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Fight off Learned Helplessness & Depression by enlisting Motivation

January 21, 2010

Fight off Learned Helplessness & Depression by enlisting Motivation

Motivation is not about desire it’s about effort. The more effort, the more motivated!
Fight off Learned Helplessness & Depression by enlisting Motivation through Challenge and Reward.

If you are feeling bland about life, then stop to take an inventory of your environment for the necessary challenges and rewards needed to feel motivated.

In addition to clinically depressed people (as defined by the DSM IV, American Psychiatric Association), I see many clients in my practice who discuss feeling “off”, irritable or just plain dissatisfied with life.  They may or not necessarily feel “sad”.

They complain they lack motivation and interest in doing anything, perhaps blaming feeling tired, easily distracted or disengaged. They will commonly describe themselves as being lazy and a chronic procrastinator. Like clinically depressed people they may find that their sleep and appetite patterns are disrupted and they have an overly emotionally reaction.  However, their main focus is on their lack of inertia and motivation, and the strong impact it is having on their performance and expectations about reaching life long objectives.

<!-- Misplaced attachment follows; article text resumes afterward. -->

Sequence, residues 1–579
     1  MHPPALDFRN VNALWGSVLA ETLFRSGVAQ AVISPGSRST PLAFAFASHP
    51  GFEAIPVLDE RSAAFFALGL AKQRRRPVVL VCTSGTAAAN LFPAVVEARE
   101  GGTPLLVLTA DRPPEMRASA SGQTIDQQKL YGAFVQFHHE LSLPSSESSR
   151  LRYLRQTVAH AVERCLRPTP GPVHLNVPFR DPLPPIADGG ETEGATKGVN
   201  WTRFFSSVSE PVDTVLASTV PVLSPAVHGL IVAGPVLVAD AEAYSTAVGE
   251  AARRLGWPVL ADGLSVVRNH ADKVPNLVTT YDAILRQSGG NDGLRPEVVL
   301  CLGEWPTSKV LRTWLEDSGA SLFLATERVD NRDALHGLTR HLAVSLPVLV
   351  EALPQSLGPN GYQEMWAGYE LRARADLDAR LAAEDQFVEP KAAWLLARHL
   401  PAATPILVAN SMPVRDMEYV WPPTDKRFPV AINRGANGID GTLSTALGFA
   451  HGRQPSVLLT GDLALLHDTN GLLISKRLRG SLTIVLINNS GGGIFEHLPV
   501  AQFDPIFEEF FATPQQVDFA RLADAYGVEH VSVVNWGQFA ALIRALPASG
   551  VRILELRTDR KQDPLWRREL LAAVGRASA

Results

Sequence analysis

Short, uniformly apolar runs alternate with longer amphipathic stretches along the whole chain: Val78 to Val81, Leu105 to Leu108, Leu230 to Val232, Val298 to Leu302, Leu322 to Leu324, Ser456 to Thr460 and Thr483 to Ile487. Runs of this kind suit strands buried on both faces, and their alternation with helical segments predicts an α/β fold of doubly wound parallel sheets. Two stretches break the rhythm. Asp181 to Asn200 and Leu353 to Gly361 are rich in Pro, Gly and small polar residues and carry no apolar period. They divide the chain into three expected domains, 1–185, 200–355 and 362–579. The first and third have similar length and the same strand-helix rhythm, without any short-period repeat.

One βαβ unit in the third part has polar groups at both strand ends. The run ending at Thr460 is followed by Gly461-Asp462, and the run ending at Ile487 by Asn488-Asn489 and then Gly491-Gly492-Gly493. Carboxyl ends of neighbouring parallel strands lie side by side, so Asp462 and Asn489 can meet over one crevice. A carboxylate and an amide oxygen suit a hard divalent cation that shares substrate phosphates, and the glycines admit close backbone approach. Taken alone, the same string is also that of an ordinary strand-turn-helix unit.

These states are largely caused and maintained by lack of challenges and rewards in the environments we operate (e.g. work, home, social, gym, etc.). Rewards need to be obtainable and perceived as attainable.

Why? Well if we don’t think there is an obtainable reward we stop exerting effort and if we stop exerting effort its unlikely we will succeed.  On top of that if we do something continuously that’s not challenging, for the sake of the reward, we are likely to reduce our value for the reward and begin to dislike the activity.

Forrest Gump

This is why motivation is a direct function of effort not interest.

Confusing motivation with interest is a common mistake made by those who complain about lack of motivation; they blame their mood or not being into something as the cause of their diminished motivation rather than accurately accessing how much direct effort they are investing based on the likelihood of obtaining a valuable reward.

What effects how obtainable rewards actually are? Well 3 basic things:

* Availability- If the resources are available. Your organization has the funds or there are available single men or woman at the party.
* Deliverable- Is your  boss WILLING to give you the raise or the guy noticing you from across the room is confident enough to approach you to tell you how pretty you look.
* Achievable- is the task within a reasonable performance range?  If the expectation is perfection when you are a novice its unlikely you will obtain the reward, so it’s just as well not be available at all.

What effects our perception of attainability?

Uncontrollability and Learned helplessness: